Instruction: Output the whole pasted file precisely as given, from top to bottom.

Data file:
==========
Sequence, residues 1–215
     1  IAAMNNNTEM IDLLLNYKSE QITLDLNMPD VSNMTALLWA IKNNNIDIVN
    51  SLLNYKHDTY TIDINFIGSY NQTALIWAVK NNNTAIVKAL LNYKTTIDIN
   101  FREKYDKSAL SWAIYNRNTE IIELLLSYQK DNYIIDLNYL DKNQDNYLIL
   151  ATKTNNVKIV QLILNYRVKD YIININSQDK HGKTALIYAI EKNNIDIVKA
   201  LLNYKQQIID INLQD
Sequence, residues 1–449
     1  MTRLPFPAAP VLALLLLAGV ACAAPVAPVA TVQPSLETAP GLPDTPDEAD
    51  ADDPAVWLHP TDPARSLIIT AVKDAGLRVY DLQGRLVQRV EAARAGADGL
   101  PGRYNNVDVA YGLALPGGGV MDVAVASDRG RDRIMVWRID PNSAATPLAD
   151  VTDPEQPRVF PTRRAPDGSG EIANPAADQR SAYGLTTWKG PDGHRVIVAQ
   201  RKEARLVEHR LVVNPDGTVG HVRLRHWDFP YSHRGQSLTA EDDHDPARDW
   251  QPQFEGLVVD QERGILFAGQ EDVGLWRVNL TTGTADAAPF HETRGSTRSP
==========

Sequence, residues 1–215
     1  IAAMNNNTEM IDLLLNYKSE QITLDLNMPD VSNMTALLWA IKNNNIDIVN
    51  SLLNYKHDTY TIDINFIGSY NQTALIWAVK NNNTAIVKAL LNYKTTIDIN
   101  FREKYDKSAL SWAIYNRNTE IIELLLSYQK DNYIIDLNYL DKNQDNYLIL
   151  ATKTNNVKIV QLILNYRVKD YIININSQDK HGKTALIYAI EKNNIDIVKA
   201  LLNYKQQIID INLQD
Sequence, residues 1–449
     1  MTRLPFPAAP VLALLLLAGV ACAAPVAPVA TVQPSLETAP GLPDTPDEAD
    51  ADDPAVWLHP TDPARSLIIT AVKDAGLRVY DLQGRLVQRV EAARAGADGL
   101  PGRYNNVDVA YGLALPGGGV MDVAVASDRG RDRIMVWRID PNSAATPLAD
   151  VTDPEQPRVF PTRRAPDGSG EIANPAADQR SAYGLTTWKG PDGHRVIVAQ
   201  RKEARLVEHR LVVNPDGTVG HVRLRHWDFP YSHRGQSLTA EDDHDPARDW
   251  QPQFEGLVVD QERGILFAGQ EDVGLWRVNL TTGTADAAPF HETRGSTRSP